“I LOVE your earrings!”
She appears by my side and I feel like she has been there all along. We’re marching along Rampart just beyond the gates to Armstrong Park winding towards Canal Street. It’s hot and humid, quintessential New Orleans. I’m wearing all white to ward off the heat, yet my pale skin is ready to begin peeling from my burn and the emanating heat at any minute. The only jewelry I chose to wear for the climate protest were fair-trade turquoise-tinted dangling earrings. I have never been a fan of wearing earrings often but for some reason they began to appeal to me, like they somehow made me into a better version of myself, a more put-together and deliberate person. She’s staring intently at the left ear, transfixed.
“Thank you so much! Take one so we remember each other forever, we’ll be blood sisters.”
I unhook the earring with my left hand and pass it to the woman. It is now that I come out of the protest reverie and see exactly who this woman is. She’s walking with a cane in her left hand. She’s in soiled, black long-sleeves and pants. Her hands are caked with sweat and dirt. She holds the tip of the earring in her right hand for a moment, stunned.
“My sister is a truck driver, she don’t have a pair of earrings. How bout them Saints this season?”
She begins babbling about sports and I laugh like I’m understanding, but what I really want is to pay attention to the chanting again. Two organizers are in the front of the crowd in designated white shirts, megaphones in hand.
“Show me what democracy looks like!”
“THIS IS WHAT DEMOCRACY LOOKS LIKE!” we echo back to them.
I glance to my left over at the woman walking step by step with me. I’m expecting her to be bashful, to give my earring back and say there’s no point to have one earring–because there isn’t. My boyfriend to my right taps my shoulder.
“Hey, what’s up?”
“I gave her my earring.”
She’s a few steps ahead of me now.
“I just got sort of into it and gave it to her…” He can sense the resentment in my voice.
“Well, get it back!”
I jolt up to her again.
“Hey, can I get my earring back?”
She looks at me. “My sister needs a pair of earrings. Let me get the other one.”
“What? No, please let me get my earring.”
“Tell you what, I’ll give you back this earring if you give me your sign.”
She tilts her head up to my sign I’m holding up for the climate change protest. It’s a colorful flower in the shape of a daisy and I’m holding it by the green paper step. In the middle I’ve written “This is OUR future,” with the OUR underlined, and the circumference around the center reads “Protect water, protect land, protect people, value life.”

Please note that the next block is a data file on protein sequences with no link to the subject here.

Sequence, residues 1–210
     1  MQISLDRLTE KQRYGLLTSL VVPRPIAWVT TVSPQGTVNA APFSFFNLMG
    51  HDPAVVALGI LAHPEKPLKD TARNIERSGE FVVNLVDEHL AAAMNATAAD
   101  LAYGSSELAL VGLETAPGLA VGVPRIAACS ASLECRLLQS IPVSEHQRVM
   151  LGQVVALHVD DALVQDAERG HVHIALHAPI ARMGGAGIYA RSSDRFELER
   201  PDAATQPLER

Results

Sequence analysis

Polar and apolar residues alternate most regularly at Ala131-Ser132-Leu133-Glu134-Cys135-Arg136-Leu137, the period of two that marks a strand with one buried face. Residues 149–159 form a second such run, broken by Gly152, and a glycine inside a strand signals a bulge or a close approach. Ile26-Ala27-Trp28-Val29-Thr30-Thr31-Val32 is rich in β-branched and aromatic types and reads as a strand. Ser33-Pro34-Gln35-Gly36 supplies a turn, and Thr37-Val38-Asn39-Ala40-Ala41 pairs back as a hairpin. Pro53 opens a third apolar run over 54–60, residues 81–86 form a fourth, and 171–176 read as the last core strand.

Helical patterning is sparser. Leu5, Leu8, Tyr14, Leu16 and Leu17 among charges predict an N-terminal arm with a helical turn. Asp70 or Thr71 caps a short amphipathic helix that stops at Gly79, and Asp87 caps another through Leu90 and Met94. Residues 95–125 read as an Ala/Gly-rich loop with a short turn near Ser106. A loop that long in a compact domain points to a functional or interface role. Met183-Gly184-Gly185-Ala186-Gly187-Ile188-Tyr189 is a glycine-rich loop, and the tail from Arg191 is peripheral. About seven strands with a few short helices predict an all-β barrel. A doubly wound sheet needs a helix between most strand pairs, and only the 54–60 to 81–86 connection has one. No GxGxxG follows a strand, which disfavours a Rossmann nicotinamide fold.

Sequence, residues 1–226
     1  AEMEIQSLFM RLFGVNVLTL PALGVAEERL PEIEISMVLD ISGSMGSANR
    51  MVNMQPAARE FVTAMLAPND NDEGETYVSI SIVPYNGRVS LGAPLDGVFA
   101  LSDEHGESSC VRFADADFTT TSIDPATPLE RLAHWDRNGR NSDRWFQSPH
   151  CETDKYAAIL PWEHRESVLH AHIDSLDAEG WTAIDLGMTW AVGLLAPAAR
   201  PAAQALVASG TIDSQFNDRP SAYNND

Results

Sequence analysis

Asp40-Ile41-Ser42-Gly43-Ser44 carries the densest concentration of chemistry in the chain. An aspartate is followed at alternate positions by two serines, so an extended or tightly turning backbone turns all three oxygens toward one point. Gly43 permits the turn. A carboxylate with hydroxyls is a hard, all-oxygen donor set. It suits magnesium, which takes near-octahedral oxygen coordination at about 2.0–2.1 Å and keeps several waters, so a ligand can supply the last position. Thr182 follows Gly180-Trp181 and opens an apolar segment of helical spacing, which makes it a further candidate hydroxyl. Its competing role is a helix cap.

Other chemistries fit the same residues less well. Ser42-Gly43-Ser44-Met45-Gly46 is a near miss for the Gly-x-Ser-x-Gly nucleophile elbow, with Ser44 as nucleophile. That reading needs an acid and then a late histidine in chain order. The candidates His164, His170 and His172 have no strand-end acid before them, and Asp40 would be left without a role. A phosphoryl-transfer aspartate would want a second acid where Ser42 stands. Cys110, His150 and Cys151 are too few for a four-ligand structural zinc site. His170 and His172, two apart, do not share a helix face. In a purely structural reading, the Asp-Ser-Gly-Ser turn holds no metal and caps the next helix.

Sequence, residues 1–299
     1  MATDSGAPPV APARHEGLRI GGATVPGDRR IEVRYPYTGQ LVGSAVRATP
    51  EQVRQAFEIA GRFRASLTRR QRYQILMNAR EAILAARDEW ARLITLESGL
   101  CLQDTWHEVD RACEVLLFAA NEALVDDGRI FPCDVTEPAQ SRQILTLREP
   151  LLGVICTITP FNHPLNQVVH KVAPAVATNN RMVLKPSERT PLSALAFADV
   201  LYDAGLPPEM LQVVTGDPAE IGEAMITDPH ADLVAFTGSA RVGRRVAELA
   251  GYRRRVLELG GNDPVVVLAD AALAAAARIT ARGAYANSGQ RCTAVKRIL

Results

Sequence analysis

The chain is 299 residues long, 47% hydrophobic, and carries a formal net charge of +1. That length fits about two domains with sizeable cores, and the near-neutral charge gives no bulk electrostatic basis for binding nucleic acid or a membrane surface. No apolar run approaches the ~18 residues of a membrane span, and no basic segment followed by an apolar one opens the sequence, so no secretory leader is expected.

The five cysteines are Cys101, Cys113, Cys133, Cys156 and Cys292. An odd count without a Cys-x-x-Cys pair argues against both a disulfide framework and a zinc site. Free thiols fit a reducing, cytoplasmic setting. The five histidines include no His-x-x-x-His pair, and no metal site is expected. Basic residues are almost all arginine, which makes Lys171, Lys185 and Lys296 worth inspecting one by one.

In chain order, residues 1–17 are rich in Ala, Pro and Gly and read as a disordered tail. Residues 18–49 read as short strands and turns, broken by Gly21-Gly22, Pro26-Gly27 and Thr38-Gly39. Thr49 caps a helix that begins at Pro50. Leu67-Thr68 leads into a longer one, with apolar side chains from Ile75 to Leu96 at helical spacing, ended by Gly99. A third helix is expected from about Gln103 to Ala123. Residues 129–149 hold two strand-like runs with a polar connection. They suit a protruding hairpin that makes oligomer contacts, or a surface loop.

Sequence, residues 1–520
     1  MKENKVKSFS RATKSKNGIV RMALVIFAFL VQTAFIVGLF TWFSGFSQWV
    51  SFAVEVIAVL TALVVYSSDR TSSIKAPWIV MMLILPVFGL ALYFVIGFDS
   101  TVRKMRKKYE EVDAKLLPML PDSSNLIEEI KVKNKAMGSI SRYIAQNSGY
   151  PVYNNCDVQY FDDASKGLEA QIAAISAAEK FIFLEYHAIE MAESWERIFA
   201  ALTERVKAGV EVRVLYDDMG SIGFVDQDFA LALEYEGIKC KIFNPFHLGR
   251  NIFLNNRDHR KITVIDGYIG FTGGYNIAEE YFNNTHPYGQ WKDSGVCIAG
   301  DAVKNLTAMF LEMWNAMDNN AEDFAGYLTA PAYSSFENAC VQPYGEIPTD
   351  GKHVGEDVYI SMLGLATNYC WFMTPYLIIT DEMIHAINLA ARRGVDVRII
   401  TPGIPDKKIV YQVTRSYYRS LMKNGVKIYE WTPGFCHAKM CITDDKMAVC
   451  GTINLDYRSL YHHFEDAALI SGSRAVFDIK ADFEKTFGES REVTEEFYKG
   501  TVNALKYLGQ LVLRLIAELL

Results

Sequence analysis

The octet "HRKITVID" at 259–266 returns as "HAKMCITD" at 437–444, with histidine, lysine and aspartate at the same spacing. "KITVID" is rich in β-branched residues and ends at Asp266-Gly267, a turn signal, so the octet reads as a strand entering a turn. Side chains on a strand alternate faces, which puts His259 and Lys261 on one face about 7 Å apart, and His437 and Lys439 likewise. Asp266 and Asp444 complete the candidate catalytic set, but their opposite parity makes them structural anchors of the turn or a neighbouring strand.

I grip my sign in my hand harder and I feel myself becoming even more attached to the words I’ve written in permanent marker and an equally potent sense of disbelief. Is this bitch seriously trying to steal my flower to give me my own fucking earring back?
I go to grab my earring from her right hand and for a moment our fingers touch and I feel her grip down on the delicate metal, the turquoise bulbs. She huffs, throws her hands up and scurries off into a side-street.
“She took your earring?!”
“Yeah… She just wouldn’t give it back.”
We’re winding down onto Canal Street. The crowd has blocked a bright red streetcar, the cables connecting the transit grid a spider-web of right-angles above us. The palm trees are in parallel rows for as far as we can see. Everything has a sense of order in the chaos and a new chant has sprung.
“We NEED! A LEADER! Not a stupid TWEETER!”
I take a few breaths to shake off the audacity of the woman at this specific event, this specific moment. Cars are all blocked trying to exit the French Quarter. I’m in the first few rows of protesters, when I look back I can’t see the end of our own parade. We’re chanting. We’re breathing. We’re laughing. We’re alive. Who can give a shit about an earring?
People start taking pictures, the tourist crowds are upon us. People stare with their mouths open or sway to our chants. They take photos and videos and hold up their fists but don’t join and watch from afar. I feel like I’m in a zoo, but I don’t feel alone. When we finally wind our way back onto Rampart we realize we’ve stopped traffic there, too. Cars have their windows down and fists up, they beep their horns and give us a thumbs up or a peace sign. We’re making people stuck in traffic smile. Our lonely little group of the angry has caused a small sea of momentum and I can’t feel any better about the greater picture of it all… Despite losing my earring.
I feel a vigorous tap on my shoulder and turn around.
She takes my palm, places my earring back in my hand, turquoise and silver shining in the heat, and smiles.
“We’re blood sisters, aren’t we?”